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LOUISVILLE, Ky. (WDRB) -- Louisville Metro Council members have voted not remove council woman Barbara Shanklin. The verdict was delivered just before 2 a.m. Thursday after four-and-a-half hours of deliberation.
Closing arguments finished about 7:50 p.m. Wednesday. Shanklin, a Democrat and 2nd District representative, was accused of two ethics violations. While a majority of the council jury found Shanklin was guilty of misconduct -- there were not enough votes to remove her from office. There were thirteen votes in favor of removing her from office, but seven votes helped her keep her seat. If just one vote had gone the other way, she would have been removed from office.
Council members voting in favor of removing Shanklin from office:
Tom Owen - District 8 Kevin Kramer - District 11 Cindi Fowler - District 14 Kelly Downard - District 16 Marilyn Parker - District 18 David Yates - District 25 Ken Fleming - District 7 Jim King - District 10 Rick Blackwell - District 12 Marianne Butler - District 15 Glen Stuckel - District 17 Stuart Benson - District 20 Robin Engel - District 22
Council members voting in favor of keeping Shanklin in office:
*Attica Scott - District 1 *David Tandy - District 4 David James - District 6 Dan Johnson - District 21 Mary Woolridge - District 3 Cheri Bryant Hamilton - District 5 *Brent Ackerson- District 26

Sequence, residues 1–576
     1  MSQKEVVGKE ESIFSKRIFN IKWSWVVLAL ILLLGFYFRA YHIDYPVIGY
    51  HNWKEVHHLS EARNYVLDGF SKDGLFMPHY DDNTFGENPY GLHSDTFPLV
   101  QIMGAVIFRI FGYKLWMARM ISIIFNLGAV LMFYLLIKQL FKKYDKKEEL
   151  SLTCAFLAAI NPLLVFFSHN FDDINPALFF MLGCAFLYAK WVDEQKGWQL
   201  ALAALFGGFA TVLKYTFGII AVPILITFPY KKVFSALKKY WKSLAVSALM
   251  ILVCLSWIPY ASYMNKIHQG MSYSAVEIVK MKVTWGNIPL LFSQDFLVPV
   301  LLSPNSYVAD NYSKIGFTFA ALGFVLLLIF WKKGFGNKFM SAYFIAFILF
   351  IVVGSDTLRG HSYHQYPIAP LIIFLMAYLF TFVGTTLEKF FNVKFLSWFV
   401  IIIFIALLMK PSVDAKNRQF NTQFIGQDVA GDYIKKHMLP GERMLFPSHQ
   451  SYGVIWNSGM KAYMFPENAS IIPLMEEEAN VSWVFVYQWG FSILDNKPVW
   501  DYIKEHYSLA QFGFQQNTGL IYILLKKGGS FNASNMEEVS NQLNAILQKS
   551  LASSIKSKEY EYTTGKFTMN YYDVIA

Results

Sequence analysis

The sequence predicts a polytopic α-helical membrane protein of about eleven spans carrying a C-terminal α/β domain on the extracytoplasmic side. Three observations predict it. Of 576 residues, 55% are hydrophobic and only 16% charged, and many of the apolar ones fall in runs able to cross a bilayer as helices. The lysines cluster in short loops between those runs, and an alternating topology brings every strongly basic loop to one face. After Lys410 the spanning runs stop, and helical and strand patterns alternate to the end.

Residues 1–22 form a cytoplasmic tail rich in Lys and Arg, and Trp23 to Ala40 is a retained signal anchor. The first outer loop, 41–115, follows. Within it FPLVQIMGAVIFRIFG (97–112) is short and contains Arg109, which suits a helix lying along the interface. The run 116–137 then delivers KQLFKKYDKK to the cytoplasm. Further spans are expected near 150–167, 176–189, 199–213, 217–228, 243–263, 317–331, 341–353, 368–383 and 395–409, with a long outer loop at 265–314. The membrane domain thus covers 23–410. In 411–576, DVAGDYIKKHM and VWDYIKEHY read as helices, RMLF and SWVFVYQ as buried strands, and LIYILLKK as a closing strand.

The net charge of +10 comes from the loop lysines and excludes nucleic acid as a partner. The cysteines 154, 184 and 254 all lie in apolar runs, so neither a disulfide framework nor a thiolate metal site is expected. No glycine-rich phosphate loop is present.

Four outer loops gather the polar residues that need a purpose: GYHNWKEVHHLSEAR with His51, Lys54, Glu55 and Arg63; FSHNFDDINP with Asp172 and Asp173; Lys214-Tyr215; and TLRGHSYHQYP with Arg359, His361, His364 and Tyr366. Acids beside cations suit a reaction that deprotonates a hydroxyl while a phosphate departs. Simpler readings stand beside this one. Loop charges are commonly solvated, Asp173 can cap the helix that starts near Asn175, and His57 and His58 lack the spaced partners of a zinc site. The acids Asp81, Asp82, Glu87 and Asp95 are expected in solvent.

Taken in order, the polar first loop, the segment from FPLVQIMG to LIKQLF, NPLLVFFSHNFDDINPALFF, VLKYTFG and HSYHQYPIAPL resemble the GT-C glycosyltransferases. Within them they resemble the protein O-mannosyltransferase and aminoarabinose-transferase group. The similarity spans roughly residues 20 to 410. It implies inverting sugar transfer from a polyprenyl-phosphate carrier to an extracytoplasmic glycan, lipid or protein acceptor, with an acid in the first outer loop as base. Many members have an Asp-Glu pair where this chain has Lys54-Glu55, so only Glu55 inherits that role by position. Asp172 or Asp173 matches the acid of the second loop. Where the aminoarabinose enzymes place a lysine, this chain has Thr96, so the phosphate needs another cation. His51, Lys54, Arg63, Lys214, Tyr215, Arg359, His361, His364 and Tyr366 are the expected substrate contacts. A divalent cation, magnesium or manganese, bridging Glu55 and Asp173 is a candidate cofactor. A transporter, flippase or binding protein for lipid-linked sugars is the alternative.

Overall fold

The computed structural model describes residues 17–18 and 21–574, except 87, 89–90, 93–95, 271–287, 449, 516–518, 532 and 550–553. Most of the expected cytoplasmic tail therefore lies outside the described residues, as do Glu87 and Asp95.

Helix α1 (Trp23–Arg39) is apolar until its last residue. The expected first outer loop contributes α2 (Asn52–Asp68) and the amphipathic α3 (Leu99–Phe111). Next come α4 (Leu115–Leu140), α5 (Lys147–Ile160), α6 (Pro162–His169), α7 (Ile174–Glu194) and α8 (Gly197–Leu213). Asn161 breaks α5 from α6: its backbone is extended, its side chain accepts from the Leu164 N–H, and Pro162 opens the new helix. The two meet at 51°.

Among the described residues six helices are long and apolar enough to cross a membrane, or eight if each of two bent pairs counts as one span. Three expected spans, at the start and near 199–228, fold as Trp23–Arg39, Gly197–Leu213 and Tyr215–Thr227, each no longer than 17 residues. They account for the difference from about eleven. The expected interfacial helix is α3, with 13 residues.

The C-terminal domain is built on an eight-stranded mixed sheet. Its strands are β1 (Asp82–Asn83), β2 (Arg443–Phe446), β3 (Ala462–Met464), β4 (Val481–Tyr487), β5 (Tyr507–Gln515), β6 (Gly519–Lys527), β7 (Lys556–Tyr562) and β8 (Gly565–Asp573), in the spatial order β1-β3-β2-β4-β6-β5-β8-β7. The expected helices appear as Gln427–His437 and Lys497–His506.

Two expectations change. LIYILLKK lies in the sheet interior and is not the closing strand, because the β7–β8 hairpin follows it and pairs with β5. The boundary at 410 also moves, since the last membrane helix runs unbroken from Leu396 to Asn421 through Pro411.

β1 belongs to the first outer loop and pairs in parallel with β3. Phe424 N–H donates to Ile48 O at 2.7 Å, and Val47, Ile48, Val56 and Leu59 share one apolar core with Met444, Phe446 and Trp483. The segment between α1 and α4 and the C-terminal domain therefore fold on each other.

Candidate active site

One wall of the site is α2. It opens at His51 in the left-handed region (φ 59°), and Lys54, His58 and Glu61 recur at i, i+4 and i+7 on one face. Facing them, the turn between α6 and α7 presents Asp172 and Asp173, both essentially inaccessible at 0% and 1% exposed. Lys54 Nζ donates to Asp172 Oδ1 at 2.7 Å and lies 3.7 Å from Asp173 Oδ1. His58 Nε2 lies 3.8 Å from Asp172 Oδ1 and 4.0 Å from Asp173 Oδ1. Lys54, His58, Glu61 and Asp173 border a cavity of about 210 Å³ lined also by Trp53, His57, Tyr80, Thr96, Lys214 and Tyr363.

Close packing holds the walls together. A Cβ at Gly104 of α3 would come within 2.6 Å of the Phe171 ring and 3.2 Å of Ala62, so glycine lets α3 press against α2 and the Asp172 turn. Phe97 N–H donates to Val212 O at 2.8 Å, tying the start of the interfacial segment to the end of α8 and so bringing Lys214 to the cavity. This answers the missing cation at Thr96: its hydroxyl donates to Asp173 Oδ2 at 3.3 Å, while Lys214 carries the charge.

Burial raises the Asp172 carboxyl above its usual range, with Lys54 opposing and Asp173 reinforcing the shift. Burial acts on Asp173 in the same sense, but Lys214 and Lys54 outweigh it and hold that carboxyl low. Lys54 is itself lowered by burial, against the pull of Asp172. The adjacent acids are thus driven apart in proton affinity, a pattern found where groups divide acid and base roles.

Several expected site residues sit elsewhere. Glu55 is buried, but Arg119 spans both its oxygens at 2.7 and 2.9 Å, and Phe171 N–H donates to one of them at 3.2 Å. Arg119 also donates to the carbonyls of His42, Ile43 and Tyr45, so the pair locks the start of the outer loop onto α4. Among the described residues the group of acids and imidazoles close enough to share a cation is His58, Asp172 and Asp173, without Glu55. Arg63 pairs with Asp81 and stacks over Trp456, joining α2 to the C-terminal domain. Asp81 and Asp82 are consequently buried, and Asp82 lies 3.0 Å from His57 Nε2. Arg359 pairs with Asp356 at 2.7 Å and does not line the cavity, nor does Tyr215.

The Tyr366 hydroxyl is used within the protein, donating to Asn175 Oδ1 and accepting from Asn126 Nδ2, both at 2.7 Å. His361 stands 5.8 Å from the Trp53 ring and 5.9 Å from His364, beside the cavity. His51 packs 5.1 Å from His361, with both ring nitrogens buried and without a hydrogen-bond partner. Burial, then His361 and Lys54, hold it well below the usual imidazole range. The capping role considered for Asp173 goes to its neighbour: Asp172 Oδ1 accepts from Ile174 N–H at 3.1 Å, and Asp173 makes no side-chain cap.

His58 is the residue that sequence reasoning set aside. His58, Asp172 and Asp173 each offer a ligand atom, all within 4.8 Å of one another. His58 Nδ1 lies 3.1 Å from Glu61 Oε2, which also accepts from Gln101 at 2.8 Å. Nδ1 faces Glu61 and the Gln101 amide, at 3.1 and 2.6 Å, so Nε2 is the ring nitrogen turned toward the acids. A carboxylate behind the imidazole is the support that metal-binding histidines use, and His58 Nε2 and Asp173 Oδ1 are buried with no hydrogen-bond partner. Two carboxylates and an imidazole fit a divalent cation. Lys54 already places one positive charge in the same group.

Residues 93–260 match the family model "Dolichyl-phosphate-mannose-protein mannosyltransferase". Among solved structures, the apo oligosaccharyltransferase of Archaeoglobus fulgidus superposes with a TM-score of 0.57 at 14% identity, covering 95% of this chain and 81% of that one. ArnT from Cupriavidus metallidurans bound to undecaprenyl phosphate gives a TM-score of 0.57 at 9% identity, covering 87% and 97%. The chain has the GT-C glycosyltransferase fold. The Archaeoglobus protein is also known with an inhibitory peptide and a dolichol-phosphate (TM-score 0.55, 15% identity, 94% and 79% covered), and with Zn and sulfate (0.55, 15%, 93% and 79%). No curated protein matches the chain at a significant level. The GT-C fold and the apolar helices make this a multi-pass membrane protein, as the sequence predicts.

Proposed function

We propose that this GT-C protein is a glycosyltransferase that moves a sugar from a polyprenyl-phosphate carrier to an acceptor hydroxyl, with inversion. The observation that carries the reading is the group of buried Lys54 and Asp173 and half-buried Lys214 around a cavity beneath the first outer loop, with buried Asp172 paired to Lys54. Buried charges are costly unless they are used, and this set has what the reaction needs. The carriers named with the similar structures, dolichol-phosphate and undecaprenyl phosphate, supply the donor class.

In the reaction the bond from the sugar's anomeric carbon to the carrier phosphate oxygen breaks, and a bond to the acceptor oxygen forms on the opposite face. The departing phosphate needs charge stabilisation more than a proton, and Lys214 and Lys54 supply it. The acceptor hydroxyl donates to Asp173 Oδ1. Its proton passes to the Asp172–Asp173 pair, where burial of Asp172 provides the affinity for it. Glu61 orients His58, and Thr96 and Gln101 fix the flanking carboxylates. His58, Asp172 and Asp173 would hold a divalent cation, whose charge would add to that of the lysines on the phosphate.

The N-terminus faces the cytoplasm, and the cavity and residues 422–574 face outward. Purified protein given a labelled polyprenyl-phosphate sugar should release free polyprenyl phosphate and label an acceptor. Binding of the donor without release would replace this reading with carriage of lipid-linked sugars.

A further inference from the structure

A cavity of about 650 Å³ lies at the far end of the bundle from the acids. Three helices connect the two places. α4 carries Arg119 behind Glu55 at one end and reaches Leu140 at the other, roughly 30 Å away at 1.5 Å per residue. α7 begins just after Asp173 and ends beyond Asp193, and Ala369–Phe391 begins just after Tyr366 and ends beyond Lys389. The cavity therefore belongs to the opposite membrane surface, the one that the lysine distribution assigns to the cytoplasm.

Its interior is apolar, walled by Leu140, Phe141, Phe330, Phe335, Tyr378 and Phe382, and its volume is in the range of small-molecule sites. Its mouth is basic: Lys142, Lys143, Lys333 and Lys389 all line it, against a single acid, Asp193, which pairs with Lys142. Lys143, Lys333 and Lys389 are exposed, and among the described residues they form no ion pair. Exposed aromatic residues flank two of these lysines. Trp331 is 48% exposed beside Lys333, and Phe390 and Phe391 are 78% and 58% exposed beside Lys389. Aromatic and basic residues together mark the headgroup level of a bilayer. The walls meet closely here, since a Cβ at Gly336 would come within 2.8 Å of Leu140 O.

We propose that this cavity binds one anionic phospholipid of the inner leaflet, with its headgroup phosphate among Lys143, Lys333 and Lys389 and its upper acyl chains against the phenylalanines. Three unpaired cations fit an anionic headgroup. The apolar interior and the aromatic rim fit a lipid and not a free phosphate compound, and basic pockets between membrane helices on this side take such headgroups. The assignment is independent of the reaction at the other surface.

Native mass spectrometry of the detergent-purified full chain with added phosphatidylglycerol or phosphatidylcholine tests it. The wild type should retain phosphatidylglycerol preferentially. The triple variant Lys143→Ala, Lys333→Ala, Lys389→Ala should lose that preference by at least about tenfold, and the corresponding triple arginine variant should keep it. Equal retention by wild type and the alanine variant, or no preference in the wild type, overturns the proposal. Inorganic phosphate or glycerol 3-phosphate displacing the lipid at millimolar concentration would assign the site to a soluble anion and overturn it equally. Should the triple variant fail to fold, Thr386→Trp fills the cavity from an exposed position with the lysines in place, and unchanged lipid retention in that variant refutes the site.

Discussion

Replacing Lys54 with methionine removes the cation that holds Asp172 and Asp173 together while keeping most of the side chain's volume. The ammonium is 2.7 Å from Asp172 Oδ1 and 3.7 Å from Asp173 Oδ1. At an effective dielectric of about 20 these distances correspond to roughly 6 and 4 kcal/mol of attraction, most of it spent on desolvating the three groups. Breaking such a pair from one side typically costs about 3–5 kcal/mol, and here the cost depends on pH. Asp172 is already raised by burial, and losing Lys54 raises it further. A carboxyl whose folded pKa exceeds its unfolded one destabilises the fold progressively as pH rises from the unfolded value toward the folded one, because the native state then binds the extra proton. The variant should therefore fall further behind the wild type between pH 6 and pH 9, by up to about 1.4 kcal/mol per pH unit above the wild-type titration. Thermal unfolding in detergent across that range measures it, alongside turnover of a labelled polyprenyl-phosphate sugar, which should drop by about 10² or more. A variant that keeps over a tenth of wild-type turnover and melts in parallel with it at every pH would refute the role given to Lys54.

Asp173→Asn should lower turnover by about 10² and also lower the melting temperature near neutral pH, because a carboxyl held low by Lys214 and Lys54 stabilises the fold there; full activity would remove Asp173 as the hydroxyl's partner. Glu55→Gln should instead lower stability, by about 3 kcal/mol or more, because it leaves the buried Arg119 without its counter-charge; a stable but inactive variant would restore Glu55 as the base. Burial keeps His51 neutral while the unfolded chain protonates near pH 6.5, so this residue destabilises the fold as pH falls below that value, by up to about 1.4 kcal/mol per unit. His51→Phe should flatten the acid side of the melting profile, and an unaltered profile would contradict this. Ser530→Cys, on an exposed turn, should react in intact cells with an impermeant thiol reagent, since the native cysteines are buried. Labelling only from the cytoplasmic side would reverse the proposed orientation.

Council members who found Shanklin guilty of misconduct:
*Attica Scott - District 1 *David Tandy - District 4 Tom Owen - District 8 Kevin Kramer - District 11 Cindi Fowler - District 14 Kelly Downard - District 16 Marilyn Parker - District 18 David Yates - District 25 Ken Fleming - District 7 Jim King - District 10 Rick Blackwell - District 12 Marianne Butler - District 15 Glen Stuckel - District 17 Stuart Benson - District 20 Robin Engel - District 22 *Brent Ackerson - District 26
*Denotes the three swing votes that found Shanklin guilty of misconduct, but voted to keep her in office.
Council members who did not believe Shanklin was guilty of misconduct:
David James - District 6 Dan Johnson - District 21 Mary Woolridge - District 3 Cheri Bryant Hamilton - District 5
Council members deliberated into the early morning hours in the ethics trial against Shanklin. The way Shanklin used city grant money was at the center of the ethics case against her She was accused of using friends and relatives to steer council funds to neighborhood groups she controlled. While a majority of the council jury found Shanklin was guilty of misconduct -- there were not enough votes to remove her from office.
Some council members had harsh words for the three swing votes that were cast by Councilmen Brent Ackerson and David Tandy and Councilwoman Attica Scott. "I wrote down what each one of them said and some of what they said was outlandish," said Councilman Kelly Downard.
Others were flat-out embarrassed by the whole ordeal. "I think the integrity of the Metro government and Louisville has been hurt by this," said Councilwoman Madonna Flood.
Ken Fleming was more vocal.
"This is going to fracture the community, it will fracture this council, and it's going to be a disgrace and we're embarrassed and we are so ashamed of what we went through that we are going to have a long time recovering," Fleming.
During the trial, prosecutor David Tachau characterized Shanklin's record keeping about funds for an upholstery program and a neighborhood group as "intentional", not sloppy bookkeeping. "It was willful neglect," Tachau said.